• In Canada, Covid-19 seems to be slowing down. But the US has been the most affected nation in the world (by reported numbers). There are ways to bubble the athletes in the cities they are in, but that doesn’t necessarily mean they are safe. Regardless of players disregarding protocols, there are other issues at hand. For example, if a player gets seriously injured and needs to be rushed to the hospital, do they take a bed that someone else needs? What about surgeries and other possible complications? US hospitals may not be at capacity but there are some legitimate concerns about space and who should get precedence. And we’ve seen athletes get special treatment in the past. Would we be okay if our own mother was the one waiting for a bed?


  • What are the long term health effects of Covid-19? It’s not completely understood what happens after someone tests positive. If an athlete gets coronavirus and is hospitalized, there may be lung issues that linger. The science isn’t out yet.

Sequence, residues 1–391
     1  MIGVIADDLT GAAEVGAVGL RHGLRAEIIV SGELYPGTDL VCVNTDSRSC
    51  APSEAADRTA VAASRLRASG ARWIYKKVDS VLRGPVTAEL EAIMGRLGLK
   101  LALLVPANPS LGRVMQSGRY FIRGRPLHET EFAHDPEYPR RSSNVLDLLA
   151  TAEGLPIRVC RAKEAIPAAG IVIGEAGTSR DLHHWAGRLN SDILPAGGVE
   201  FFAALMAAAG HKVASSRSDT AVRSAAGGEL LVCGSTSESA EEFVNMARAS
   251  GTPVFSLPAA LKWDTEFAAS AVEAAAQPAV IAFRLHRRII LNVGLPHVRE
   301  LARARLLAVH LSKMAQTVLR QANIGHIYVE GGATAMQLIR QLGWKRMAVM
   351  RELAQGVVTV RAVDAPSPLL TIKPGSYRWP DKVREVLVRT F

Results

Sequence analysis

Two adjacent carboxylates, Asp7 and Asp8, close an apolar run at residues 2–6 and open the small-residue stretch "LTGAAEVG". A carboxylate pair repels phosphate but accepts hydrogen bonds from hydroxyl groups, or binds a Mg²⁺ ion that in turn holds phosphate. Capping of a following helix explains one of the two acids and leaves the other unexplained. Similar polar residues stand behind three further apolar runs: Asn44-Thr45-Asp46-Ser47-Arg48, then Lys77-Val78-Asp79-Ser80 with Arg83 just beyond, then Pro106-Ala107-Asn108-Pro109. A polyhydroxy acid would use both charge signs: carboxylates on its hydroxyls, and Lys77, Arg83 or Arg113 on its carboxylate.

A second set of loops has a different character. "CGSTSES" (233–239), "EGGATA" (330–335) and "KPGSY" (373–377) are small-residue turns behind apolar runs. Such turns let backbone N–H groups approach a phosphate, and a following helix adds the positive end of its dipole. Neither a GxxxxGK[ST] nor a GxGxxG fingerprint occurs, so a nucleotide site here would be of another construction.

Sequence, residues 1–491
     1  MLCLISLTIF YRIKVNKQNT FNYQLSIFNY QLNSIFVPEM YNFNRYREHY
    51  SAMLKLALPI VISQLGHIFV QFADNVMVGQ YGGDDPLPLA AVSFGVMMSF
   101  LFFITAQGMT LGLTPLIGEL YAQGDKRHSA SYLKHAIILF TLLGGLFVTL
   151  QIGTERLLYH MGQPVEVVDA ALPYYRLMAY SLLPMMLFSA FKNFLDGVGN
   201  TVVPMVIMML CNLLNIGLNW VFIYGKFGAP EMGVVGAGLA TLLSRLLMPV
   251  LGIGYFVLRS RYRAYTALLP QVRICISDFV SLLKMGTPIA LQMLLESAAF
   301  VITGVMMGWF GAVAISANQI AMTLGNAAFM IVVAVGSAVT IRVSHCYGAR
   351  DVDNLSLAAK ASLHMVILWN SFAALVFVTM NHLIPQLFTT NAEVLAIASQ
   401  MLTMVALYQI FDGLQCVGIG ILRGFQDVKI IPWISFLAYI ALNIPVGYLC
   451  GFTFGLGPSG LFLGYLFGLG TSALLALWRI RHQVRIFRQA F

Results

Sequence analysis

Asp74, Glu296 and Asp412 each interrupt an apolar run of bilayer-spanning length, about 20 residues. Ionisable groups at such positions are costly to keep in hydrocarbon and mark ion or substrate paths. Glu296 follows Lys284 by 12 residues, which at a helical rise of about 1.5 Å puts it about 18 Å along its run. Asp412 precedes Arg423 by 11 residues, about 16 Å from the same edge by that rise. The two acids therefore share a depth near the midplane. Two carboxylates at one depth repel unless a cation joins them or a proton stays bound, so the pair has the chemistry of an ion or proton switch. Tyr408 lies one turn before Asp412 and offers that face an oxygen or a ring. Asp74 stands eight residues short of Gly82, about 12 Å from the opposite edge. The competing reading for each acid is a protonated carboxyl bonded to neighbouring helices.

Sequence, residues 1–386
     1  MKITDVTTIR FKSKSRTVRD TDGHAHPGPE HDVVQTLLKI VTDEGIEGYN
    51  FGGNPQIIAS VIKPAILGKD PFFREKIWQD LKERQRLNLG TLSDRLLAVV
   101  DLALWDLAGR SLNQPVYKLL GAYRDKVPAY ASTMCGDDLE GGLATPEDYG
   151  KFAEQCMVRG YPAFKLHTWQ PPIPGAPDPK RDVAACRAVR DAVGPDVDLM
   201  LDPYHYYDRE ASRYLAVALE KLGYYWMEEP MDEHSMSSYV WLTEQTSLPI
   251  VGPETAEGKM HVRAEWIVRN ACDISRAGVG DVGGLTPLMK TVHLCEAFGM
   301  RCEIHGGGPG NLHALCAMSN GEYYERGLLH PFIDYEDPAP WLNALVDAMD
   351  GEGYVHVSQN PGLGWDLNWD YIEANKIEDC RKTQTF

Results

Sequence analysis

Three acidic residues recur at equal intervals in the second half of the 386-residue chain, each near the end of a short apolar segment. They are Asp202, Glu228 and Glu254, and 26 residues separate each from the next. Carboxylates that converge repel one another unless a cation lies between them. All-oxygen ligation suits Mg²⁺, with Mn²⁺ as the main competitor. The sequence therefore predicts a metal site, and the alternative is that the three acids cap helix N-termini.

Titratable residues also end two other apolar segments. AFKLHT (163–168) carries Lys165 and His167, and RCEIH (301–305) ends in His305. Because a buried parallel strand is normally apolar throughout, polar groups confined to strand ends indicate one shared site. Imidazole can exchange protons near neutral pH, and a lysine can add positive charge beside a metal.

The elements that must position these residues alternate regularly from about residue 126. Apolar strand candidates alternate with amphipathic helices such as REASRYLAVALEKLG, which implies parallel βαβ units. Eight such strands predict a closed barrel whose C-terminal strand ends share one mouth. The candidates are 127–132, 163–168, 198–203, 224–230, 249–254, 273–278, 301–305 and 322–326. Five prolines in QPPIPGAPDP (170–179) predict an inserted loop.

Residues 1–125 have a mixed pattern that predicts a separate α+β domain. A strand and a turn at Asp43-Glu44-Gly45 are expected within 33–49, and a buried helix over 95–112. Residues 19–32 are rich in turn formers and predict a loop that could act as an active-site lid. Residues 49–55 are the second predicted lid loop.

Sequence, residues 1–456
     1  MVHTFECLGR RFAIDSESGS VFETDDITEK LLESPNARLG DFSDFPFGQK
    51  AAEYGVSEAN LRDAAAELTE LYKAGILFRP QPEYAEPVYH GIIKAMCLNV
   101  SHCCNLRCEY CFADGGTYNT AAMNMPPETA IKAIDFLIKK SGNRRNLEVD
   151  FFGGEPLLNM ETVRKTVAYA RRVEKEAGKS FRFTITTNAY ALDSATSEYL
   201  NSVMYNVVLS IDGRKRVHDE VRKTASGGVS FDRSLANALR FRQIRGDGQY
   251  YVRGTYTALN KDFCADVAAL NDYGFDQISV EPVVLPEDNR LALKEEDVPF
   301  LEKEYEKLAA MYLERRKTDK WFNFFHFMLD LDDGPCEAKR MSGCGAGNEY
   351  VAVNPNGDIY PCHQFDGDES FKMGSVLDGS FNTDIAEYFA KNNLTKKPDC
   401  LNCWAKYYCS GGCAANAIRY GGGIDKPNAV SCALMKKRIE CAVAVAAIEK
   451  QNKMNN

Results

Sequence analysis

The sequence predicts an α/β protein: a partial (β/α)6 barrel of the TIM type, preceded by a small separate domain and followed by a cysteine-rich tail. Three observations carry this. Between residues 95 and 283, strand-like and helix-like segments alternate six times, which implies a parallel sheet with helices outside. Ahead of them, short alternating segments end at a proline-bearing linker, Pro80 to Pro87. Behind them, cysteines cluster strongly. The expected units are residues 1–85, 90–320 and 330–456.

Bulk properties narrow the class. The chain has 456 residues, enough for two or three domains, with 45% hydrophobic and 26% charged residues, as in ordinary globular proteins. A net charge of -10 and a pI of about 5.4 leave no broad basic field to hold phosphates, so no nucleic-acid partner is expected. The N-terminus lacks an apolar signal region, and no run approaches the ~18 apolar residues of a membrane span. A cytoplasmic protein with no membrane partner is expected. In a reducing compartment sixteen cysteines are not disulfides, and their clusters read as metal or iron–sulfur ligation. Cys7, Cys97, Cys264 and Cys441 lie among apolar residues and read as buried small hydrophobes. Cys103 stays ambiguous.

• The same revenue issues come up for these sports leagues as well. Major losses are inevitable, but does finishing this season soon make sense financially? Or would scrapping the season and planning for the next one make more sense? NBA players and NHL league employees agreed to a pay cut, but it doesn’t seem like NHL players are prepared to take a pay cut.


nhl.com


  • On the other hand, there is a very human element to consider. Veteran players, like Patrick Marleau of the NHL's Pittsburgh Penguins are seeking their first Stanley Cup ring and are fully entrenched in the twilight of their careers. This could be their last shot at the championship, and you’d have to feel for them losing their chance after being part of a championship contender. Players like Dwight Howard of the NBA’s Los Angeles Lakers are in a similar position.